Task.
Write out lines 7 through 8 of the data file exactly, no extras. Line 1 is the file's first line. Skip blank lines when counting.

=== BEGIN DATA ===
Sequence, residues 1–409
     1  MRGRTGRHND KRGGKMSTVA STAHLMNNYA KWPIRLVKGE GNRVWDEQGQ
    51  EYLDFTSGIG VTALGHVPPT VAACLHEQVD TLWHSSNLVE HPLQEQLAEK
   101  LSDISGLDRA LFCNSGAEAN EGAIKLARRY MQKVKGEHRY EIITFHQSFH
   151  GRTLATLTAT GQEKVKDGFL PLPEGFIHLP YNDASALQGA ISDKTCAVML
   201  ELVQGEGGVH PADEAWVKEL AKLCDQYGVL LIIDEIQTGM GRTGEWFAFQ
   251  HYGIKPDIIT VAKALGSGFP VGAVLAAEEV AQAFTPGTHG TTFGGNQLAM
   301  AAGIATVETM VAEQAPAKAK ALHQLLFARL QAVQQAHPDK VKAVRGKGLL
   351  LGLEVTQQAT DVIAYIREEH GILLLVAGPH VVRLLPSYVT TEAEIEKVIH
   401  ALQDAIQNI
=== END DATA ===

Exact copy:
   251  HYGIKPDIIT VAKALGSGFP VGAVLAAEEV AQAFTPGTHG TTFGGNQLAM
   301  AAGIATVETM VAEQAPAKAK ALHQLLFARL QAVQQAHPDK VKAVRGKGLL